Hemorrhoid Treatment: All about the Stapled Hemorrhoidectomy

An Overview of the Stapled Hemorrhoidectomy (also called “Procedure for Prolapse and Hemorrhoids” or PPH

This procedure was developed in the early 1990s as an alternative to the hemorrhoidectomy; it is only used on more advanced grades of hemorrhoids, Grades III and IV.

This procedure is a little hard to explain and visualize, but in the simplest sense, it is like a “face lift” in that the entire anal canal is lifted and secured with staples.

This is done with two medical devices that work in tandem, the Circular Anal Dilator and the Purse-String Suture Anoscope. The Circular Anal Dilator, which is hollow, is inserted first. This devise expands at the top, pushing and securing the prolapsed hemorrhoids back against the anal walls where they belong.

The Purse-String Suture Anoscope is then inserted through the hollow Circular Anal Dilator. The Purse-String Suture Anoscope then places a row of stiches around the entire anal canal as it is rotated, after which this device secures the whole thing in place with staples.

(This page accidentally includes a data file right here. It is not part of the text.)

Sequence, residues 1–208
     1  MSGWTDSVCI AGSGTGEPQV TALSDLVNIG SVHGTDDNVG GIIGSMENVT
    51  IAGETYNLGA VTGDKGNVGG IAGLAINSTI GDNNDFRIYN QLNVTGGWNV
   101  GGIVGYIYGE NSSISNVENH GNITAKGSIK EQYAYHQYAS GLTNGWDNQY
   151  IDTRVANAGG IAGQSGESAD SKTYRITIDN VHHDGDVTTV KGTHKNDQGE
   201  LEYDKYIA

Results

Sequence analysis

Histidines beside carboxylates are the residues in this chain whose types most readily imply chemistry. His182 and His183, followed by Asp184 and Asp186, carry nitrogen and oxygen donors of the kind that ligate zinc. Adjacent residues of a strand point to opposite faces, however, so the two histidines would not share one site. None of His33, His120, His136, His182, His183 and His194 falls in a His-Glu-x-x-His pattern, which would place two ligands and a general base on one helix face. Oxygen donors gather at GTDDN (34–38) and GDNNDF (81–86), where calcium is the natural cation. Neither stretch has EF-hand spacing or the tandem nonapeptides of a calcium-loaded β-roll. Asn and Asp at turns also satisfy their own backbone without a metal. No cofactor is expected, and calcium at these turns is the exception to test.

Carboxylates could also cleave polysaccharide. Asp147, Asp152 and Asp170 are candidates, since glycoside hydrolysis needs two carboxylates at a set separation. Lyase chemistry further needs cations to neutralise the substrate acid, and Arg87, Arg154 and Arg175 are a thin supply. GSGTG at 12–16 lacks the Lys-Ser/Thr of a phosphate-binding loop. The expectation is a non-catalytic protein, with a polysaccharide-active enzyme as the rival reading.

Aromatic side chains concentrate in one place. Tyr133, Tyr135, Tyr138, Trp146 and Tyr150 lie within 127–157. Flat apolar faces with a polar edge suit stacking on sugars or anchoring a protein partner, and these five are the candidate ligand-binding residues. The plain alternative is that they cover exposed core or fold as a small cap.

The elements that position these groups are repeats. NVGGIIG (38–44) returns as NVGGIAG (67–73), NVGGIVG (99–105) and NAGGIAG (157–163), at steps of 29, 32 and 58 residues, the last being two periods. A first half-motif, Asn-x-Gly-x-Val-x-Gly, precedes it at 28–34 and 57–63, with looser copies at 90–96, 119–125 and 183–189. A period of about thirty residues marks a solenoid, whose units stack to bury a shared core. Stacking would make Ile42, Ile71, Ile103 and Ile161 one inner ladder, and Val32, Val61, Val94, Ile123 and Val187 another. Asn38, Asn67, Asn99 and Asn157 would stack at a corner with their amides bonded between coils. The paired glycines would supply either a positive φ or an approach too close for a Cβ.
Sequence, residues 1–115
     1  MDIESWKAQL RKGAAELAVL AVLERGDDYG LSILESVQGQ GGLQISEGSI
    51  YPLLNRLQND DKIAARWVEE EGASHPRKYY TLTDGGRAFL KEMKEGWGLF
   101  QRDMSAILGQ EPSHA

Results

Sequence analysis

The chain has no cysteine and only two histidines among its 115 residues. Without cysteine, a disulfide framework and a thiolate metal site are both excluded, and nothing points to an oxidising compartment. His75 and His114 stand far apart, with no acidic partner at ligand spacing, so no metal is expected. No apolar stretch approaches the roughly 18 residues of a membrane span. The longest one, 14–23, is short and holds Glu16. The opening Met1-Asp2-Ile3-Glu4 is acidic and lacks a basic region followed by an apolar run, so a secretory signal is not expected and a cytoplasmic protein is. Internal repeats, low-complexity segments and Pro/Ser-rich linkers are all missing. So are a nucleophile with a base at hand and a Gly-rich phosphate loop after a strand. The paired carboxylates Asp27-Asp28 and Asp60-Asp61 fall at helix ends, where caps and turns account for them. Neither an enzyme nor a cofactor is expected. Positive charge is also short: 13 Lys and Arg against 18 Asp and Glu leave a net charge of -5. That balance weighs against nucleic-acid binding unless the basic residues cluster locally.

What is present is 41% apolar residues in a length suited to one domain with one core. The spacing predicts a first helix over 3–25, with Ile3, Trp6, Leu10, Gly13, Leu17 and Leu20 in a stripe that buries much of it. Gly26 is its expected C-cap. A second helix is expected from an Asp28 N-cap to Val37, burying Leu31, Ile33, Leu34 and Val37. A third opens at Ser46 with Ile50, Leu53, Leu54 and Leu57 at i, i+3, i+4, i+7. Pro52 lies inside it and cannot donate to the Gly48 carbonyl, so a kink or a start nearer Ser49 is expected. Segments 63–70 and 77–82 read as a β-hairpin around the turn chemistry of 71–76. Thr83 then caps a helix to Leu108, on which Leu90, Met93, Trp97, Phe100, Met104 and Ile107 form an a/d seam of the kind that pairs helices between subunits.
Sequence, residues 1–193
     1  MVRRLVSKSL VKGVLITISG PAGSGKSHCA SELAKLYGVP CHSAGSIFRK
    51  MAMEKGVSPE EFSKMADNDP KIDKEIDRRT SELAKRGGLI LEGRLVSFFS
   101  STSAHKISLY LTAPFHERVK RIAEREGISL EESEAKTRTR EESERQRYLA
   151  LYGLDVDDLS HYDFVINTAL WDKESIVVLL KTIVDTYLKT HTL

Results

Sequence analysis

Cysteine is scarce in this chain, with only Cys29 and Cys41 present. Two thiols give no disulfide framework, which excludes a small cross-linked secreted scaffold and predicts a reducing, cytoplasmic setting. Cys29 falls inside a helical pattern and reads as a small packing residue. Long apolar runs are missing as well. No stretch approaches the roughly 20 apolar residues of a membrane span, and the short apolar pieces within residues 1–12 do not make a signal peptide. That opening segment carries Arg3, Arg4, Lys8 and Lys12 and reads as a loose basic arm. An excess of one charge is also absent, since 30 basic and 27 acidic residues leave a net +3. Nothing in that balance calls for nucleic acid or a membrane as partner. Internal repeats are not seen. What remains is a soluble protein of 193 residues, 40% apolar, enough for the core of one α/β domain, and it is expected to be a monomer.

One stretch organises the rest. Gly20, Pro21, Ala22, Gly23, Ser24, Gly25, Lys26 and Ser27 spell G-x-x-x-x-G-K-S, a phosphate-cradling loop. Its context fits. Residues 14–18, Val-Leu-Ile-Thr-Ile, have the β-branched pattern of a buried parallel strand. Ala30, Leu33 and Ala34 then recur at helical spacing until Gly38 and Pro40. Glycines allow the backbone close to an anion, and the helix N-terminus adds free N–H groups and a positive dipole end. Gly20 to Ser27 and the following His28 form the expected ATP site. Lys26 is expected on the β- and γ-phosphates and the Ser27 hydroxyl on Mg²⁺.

What happens to the staples after this procedure?

The staples are only needed until the hemorrhoids are reduced at which point they will fall out naturally. They’ll leave the body through your stools. It seems like this may be uncomfortable or pain full, but you won’t even notice.

How much time does a Stapled Hemorrhoidectomy take?

This procedure can be completed in about 30 minutes.

Benefits and Disadvantage of the Stapled Hemorrhoidectomy vs. Traditional Hemorrhoidectomy


  • This hemroid treatment offer a quicker recovery
  • Less pain than with traditional surgery
  • Less inpatient care needed


  • As with all surgeries, there is a potential for infection.
  • The PPH may not work if the hemroids are large and close together (the medical device may not be able to isolate the individual hemorrhoids)
  • A few patients may experience persistent fecal urgency and pain
  • There is always the risk of both short term and long term side effects
  • It’s possible for the anal walls to become stretched out and damaged during this procedure

There are plenty of things to talk to your doctor about if you are considering this type of hemorrhoid treatment, but for those who have been diagnosed with hemorrhoids and suffer from this terrible disease and regular treatments haven’t worked, it is an option.

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